How 'Ferdinand' Brought an Authentic Spanish Bullring to the Big Screen

As he researched the sights and sounds of Spain, director Carlos Saldanha discovered he had more in common with the movie’s titular hero than he first realized when he found himself recoiling at the sight of a bullfight.
Courtesy of Blue Sky Studios

During a research trip to Spain for Fox/Blue Sky’s Ferdinand, Brazilian director Carlos Saldanha found inspiration, not only for the animated feature’s production design, but also for his title character — a gentle bull (voiced by John Cena) who would rather smell the flowers than fight — when he found himself recoiling at the sight of a bullfight.

The film has garnered Blue Sky’s first Academy Award nomination since 2002’s Ice Age, which was directed by Chris Wedge with Saldanha as co-director. Ferdinand also marks the second Oscar nom for Saldanha, who was cited in 2004 for Gone Nutty, an animated short featuring Ice Age’s Scrat.

The Ferdinand research trip took the director to Madrid’s famous Plaza de Toros de Las Ventas bullring, which inspired the look of the Madrid ring where the film’s climax takes place.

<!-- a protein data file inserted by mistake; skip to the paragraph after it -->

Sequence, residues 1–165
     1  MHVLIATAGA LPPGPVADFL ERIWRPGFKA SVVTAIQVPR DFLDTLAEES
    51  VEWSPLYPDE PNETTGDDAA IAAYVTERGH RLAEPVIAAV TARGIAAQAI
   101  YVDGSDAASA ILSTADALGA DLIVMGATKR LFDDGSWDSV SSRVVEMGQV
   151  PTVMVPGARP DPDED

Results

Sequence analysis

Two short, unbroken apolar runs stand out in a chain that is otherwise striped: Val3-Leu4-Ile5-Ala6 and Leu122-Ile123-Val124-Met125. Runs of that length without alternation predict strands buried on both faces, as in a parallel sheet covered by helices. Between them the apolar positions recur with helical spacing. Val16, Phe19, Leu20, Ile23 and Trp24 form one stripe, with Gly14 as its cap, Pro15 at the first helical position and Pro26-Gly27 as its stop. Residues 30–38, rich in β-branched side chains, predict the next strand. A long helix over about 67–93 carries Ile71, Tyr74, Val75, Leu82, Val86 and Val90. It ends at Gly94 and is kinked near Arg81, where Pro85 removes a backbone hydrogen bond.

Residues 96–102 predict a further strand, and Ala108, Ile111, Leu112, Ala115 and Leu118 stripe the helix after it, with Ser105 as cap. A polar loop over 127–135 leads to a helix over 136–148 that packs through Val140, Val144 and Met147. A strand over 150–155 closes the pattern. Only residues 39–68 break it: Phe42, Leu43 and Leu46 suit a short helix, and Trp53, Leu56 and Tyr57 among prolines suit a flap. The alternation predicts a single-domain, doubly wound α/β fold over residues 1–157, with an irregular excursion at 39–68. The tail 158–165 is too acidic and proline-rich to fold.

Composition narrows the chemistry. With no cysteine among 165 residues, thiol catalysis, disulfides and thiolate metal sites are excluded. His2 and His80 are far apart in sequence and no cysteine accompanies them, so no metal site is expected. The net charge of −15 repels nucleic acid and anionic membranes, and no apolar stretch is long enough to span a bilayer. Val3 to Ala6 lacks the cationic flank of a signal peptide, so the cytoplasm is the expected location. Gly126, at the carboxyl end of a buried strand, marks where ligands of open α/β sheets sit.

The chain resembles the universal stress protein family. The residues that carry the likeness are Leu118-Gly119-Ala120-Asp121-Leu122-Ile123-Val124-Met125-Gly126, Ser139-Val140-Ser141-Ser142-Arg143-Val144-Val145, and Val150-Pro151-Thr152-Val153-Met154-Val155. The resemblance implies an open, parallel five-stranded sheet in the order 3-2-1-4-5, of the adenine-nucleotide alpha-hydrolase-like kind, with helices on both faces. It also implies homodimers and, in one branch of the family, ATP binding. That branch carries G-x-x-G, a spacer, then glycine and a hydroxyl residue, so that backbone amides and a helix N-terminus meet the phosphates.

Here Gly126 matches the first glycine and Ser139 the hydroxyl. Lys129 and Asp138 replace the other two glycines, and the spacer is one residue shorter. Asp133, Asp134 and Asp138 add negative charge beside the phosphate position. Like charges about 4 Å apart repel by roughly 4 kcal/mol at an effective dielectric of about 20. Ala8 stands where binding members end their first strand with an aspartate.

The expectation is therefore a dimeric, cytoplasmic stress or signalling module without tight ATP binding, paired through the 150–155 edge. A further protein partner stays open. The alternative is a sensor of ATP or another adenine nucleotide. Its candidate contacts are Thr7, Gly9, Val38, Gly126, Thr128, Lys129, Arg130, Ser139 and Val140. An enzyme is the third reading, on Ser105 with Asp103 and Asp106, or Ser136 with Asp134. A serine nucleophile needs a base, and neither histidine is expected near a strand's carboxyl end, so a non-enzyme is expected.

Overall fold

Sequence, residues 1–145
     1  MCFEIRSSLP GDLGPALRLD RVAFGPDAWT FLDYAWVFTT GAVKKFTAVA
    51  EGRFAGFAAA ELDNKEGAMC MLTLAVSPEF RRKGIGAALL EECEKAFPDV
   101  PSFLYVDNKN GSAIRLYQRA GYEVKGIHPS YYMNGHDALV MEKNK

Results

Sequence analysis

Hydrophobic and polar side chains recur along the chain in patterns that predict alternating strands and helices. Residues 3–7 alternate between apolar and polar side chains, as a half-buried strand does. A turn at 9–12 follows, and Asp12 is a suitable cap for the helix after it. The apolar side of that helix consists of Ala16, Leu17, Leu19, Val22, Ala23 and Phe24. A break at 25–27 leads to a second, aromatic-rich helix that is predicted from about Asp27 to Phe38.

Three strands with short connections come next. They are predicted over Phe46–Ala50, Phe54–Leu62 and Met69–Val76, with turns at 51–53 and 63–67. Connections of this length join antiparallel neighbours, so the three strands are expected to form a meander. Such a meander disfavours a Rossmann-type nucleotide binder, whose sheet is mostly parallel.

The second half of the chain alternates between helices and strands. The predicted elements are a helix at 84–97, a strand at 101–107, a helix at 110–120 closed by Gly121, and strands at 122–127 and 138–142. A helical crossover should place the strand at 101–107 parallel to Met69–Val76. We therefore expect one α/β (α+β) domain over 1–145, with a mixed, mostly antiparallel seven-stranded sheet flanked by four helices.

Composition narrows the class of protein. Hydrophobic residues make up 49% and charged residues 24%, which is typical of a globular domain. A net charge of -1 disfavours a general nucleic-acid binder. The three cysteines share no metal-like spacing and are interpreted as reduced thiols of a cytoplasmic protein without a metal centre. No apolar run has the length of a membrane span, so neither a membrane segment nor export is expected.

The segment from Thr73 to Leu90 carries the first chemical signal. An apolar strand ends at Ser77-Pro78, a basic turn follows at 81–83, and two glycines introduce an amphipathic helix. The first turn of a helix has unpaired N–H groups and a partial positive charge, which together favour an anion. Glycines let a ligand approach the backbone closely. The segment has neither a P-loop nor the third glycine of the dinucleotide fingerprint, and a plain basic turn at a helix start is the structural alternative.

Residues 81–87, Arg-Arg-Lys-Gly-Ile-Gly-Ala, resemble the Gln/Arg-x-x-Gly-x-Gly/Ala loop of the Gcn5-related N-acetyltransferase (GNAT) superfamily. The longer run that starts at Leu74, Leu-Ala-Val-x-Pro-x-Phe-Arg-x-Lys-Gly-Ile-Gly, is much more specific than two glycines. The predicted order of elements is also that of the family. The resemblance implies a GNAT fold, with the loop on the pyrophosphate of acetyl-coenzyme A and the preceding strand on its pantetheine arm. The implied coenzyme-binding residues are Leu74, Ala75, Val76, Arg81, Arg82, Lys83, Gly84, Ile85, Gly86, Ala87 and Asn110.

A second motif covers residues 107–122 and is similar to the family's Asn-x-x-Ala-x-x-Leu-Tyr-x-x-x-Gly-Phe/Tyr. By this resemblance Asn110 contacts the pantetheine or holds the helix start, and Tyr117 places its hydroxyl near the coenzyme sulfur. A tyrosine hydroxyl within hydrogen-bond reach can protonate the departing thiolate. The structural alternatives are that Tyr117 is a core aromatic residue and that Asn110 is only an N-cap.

“I went and saw the opening ceremony and interviewed bullfighters,” Saldanha recounts. “I wanted to capture the vibe. It was also important to watch part of the bullfights, but I couldn’t sit through the whole thing.”

He’s not a fan of bullfighting, he says, but notes that watching it helped him get into Ferdinand’s mind-set, since the bull isn’t into fighting, either. After visiting Madrid Atocha, the city’s largest train station, Saldanha also ventured into the countryside, where Ferdinand lives as a young bull in the movie, scouting parts of Southern Spain, including Cortava, Saville and Ronda (with its Puente Nuevo bridge) and Consuegra — famous for windmills such as those in Miguel de Cervantes’ Don Quixote.

“I wanted to capture the colors and essence … the olive trees, the mountains, the browns and the blue sky,” he says. “We used red for very specific things — the matador’s cape and Ferdinand’s flower — the two contrasting elements closest to Ferdinand in the story.”

This story first appeared in the Feb. 21 issue of The Hollywood Reporter magazine. To receive the magazine, click here to subscribe.

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